This morning our distant cousin Kenneth Burton sent me photo copies from a couple of pages in a book on the Jacob Burton family of Chambers County, Alabama. Kenneth has done a lot of work on this line and is sharing has been invaluable. It is through his work we know of our furthest back African American ancestor, Harry Burton born about 1796.
As that sinks in to me, we can confidently make the following inference. As the 1848 document is similar to the 1864 version (full analysis is pending) we know that Harry and Rosa were associated with the family well before the 1840 census, accounting for Jacob’s knowledge of the families, spouses and children, of those he enslaved. A quick look at the 1840 census and the information about those held as slaves we see the following:
Slaves – Males – Under 10: 6
Slaves – Males – 10 thru 23: 4
Slaves – Males – 36 thru 54: 1
Slaves – Females – Under 10: 8
Slaves – Females – 10 thru 23: 5
Slaves – Females – 24 thru 35: 3
Harry was listed as being 54 years old in 1848. That would correlate as being 46 years old in 1840. The one male 36 – 54 is therefore Harry. Our understanding is that Rosa was born about 1805, and she would be one of the females aged 24-35 in 1840. We can state with confidence, nearly 25 years before the news of emancipation reached them, we *know* where Harry and Rosa were.
That’s sinking in, I can tell my grandkids of their ancestors on this line going back 8 generations – themselves, their dad, Poppa, Big Grandma, her mother Ruth, “Grandma Carrie” as referred to by their great grandmother, Carrie’s mother Harriet, to her father Jeff Burton, to his parents Harry and Rosa, residents of Chambers County, Alabama in 1840.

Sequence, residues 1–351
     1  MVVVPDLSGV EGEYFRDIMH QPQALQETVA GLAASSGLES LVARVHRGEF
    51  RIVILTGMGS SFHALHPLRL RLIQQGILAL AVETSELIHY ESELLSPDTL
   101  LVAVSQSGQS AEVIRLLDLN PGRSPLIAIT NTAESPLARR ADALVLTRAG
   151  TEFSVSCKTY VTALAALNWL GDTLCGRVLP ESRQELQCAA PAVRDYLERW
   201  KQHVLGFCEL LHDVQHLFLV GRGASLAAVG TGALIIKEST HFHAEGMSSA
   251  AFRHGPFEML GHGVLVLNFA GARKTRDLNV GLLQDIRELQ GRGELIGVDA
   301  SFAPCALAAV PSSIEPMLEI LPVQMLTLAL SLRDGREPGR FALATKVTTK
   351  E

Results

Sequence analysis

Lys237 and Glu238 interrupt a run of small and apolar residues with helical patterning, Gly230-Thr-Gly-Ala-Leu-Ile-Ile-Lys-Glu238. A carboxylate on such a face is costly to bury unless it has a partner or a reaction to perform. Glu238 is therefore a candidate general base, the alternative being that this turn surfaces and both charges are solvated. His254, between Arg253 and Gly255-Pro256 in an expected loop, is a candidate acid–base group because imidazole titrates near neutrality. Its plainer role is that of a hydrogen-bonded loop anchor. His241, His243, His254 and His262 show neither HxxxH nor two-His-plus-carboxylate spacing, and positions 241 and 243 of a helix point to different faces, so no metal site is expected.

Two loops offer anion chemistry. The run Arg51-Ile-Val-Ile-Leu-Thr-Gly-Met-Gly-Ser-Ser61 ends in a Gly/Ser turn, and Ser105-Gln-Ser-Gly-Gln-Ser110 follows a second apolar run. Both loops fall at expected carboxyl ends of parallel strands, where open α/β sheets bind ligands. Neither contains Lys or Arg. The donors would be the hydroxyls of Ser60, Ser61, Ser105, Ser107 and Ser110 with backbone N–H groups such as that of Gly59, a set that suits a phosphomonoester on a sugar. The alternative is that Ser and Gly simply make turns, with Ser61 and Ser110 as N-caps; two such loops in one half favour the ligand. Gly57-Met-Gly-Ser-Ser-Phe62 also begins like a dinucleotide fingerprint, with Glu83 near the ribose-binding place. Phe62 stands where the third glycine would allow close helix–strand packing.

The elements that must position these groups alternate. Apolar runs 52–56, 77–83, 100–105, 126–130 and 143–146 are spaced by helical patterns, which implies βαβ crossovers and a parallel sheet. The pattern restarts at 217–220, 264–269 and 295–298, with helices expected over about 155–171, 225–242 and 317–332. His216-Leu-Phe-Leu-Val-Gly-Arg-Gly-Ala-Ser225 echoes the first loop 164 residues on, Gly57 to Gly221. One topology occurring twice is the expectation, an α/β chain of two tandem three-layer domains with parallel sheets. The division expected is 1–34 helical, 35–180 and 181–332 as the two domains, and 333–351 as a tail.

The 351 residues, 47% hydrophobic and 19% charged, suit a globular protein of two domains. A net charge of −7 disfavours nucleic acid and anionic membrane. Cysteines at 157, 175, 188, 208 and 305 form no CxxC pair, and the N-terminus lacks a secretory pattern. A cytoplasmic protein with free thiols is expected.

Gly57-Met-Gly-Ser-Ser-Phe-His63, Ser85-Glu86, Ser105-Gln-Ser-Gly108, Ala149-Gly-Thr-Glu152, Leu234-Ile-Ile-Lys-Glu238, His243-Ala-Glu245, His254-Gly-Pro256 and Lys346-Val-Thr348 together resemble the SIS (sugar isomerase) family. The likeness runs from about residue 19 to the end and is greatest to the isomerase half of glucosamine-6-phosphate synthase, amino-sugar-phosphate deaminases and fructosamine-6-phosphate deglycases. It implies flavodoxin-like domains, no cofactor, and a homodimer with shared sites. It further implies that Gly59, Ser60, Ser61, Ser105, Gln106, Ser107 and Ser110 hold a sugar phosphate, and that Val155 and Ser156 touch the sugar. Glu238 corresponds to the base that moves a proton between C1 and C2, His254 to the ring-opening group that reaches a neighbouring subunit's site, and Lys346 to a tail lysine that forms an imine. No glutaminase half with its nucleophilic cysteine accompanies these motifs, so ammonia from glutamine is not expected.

From the 1848 version of the will we know the family they were surrounded by, including the kin that didn’t share their bloodlines.
But it hit me this morning, we know more about the relationships they were forming outside of those enslaved by Jacob Burton. I hadn’t realized before this morning, on the 1850 Federal Census, in consecutively numbered households, we have Thomas B Erwin and Jacob Burton. We know Thomas as brother of Hezikiah F Erwin, and wife Elizabeth Owen as daughter of Robert Owen. We know these families were neighbors and by implication those they enslaved were living nearby as neighbors.
As of 1850, how many people were enslaved by these families, at the Chambers County, Alabama location? How many of our DNA cousins, at this late date, can be tracked back to these sets of families?
I reviewed the 1850 “Slave Census” for Chambers County. In 1850 we see Thomas B Erwin is associated with 45 people held as slaves. For Jacob Burton we see 36 people were held as slaves (appearing just below Thomas B Erwin).
What more can we learn of the lives of our kin in the 1850’s, 1840’s and earlier?